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Dedicated to diagnosing and treating injuries and diseases of the head, neck, and brain, the Neuroendovascular Program provides:
Members of this program hold leadership positions in national societies and help lead cutting-edge clinical research. The multidisciplinary team includes doctors for all of the neurovascular specialties—a unique advantage.
Specialist radiologists, dedicated to your care
Every scan is read by a specialty-trained radiologist: an expert who has extensive training and real-world experience in both the imaging technology being used and the area of body in focus.
Patients have access to the expertise of a dedicated team of neuroradiologists from the Neurological Imaging division of the Massachusetts General Hospital Department of Radiology. This group includes internationally recognized experts on diseases and injuries of the brain, head, neck and spine who are recognized for cutting-edge research into advanced neuroimaging techniques for diseases including stroke, multiple sclerosis, Alzheimer’s disease and brain tumors.
We work in close consultation with your doctor to schedule and plan your exam. Then we provide swift results, including a written report and image access (if your doctor desires), within 48 to 72 hours. The information discovered through imaging helps your doctor plan the next steps in your care.
Emphasis on safety
At Mass General Imaging, our commitment to safety extends through everything we do, from exam-room procedures to leading-edge research. We pay special attention to minimizing radiation exposure—without giving up image quality. We employ physicists and engineers to calibrate and maintain our equipment at the highest level, and we invest to replace outmoded equipment and bring the latest technology to our patients.
The Neuroendovascular Program at Massachusetts General Hospital Imaging offers diagnostic exams and/or image-guided exams for the following conditions.
Acute spinal cord injury (SCI) is a traumatic injury that either results in a bruise (also called a contusion), a partial tear, or a complete tear (called a transection) in the spinal cord.
Alzheimer's disease is a progressive, neurodegenerative disease that occurs when nerve cells in the brain die, often resulting in symptoms such as impaired memory, thinking and behavior.
An aneurysm is a bulging, weakened area in the wall of a blood vessel resulting in an abnormal widening or ballooning greater than 50 percent of the normal diameter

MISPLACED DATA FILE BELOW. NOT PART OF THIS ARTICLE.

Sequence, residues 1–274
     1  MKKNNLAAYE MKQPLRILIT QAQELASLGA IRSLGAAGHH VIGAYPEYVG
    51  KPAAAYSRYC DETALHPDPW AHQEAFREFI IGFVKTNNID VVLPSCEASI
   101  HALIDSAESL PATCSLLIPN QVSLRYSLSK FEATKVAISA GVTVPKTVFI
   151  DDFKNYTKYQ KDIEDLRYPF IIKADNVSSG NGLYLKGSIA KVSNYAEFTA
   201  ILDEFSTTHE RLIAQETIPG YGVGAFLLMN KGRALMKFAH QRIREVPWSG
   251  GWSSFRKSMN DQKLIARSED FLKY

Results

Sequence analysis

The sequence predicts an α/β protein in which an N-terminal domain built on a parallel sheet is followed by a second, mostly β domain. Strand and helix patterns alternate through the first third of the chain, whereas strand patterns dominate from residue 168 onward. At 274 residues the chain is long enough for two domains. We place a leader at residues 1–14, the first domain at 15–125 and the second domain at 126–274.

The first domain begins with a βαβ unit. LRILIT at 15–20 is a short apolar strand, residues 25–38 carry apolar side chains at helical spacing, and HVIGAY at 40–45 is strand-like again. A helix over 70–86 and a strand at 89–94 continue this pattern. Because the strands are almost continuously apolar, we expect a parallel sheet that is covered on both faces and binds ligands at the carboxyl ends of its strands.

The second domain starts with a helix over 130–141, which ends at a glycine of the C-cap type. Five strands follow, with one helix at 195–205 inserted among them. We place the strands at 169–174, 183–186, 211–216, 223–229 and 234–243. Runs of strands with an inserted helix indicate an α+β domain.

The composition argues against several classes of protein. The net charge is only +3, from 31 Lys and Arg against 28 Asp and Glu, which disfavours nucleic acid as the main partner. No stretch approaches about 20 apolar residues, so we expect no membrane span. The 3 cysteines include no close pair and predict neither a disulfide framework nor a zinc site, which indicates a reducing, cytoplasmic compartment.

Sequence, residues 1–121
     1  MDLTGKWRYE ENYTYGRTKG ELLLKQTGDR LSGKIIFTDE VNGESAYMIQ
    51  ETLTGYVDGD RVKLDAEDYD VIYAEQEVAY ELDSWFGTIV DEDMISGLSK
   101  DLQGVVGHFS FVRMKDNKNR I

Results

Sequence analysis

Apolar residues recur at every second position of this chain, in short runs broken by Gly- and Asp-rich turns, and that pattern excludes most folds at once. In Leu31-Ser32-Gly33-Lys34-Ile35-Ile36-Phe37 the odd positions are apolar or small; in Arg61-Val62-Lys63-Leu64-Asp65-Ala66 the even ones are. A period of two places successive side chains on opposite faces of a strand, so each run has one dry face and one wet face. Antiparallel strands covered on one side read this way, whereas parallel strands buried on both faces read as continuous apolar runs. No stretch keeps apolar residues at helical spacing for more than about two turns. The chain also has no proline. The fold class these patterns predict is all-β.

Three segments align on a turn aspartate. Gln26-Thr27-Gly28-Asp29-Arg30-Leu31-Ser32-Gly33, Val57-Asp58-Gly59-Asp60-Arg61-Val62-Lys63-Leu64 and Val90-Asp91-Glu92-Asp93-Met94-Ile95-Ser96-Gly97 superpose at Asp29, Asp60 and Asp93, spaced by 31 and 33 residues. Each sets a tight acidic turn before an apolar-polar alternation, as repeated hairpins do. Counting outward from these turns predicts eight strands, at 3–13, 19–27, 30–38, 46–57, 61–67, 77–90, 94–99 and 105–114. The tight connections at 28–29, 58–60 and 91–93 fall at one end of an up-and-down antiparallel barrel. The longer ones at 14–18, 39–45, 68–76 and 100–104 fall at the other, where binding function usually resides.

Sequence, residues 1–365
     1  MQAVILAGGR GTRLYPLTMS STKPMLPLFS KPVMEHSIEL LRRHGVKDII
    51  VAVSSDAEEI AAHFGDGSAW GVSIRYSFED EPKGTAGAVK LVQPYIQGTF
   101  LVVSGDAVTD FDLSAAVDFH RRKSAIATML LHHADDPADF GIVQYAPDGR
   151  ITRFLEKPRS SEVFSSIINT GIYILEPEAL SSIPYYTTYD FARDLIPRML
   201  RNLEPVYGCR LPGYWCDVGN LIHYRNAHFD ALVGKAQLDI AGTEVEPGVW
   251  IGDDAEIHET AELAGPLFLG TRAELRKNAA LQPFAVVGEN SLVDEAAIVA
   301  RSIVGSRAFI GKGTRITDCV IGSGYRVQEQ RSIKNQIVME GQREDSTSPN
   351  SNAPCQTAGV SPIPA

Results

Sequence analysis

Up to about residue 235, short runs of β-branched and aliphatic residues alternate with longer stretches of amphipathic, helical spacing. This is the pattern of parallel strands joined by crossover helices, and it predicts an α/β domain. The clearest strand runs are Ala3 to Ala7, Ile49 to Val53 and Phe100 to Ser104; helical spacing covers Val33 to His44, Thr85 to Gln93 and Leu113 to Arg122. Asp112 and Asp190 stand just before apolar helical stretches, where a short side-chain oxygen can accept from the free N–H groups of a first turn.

Aphasia is a language disorder caused by damage in a specific area of the brain that controls language expression and comprehension, and leaves a person unable to communicate effectively with others.
Ataxia causes a failure of muscle control in the arms and legs which may result in a lack of balance, coordination and possibly a disturbance in gait.
Ataxia telangiectasia is a rare childhood disease that affects the nervous system and some other body systems.
Bell's palsy is an unexplained episode of facial muscle weakness or paralysis that begins suddenly and worsens over three to five days. This condition results from damage to the 7th (facial) cranial nerve, and pain and discomfort usually occurs on one side of the face or head.
A brain tumor is an abnormal growth of tissue in the brain. The tumor can either originate in the brain itself, or come from another part of the body and travel to the brain (metastasize). Brain tumors may be classified as either benign (non-cancerous) or malignant (cancerous), depending on their behavior.
A cerebral aneurysm (also called an intracranial aneurysm or brain aneurysm) is a bulging, weakened area in the wall of an artery in the brain, resulting in an abnormal widening or ballooning. Because there is a weakened spot in the artery wall, there is a risk for rupture (bursting) of the aneurysm.
Epilepsy is a neurological condition involving the brain that makes people more susceptible to having seizures.
Gastroparesis is a stomach disorder in which the stomach takes too long in emptying its contents.
Guillain-Barré syndrome is a neurological disorder in which the body's immune system attacks part of the peripheral nervous system.
A head injury is a broad term that describes a vast array of injuries that occur to the scalp, skull, brain, and underlying tissue and blood vessels in the head.
A headache is pain or discomfort in the head or face area.
Landau-Kleffner syndrome (also called infantile acquired aphasia, acquired epileptic aphasia or aphasia with convulsive disorder) is a language disorder characterized by the gradual or sudden loss of the ability to use or comprehend spoken language.
Low back pain can range from mild, dull, annoying pain, to persistent, severe, disabling pain in the lower back. Pain in the lower back can restrict mobility and interfere with normal functioning.
Lumbar disc disease occurs in the lumbar area of the spine. As discs degenerate, fragments of the disc material can press on the nerve roots located just behind the disc space, causing pain, numbness or changes in sensation.
A lumbar strain is an injury to the lower back, which results in damaged tendons and muscles that spasm and feel sore.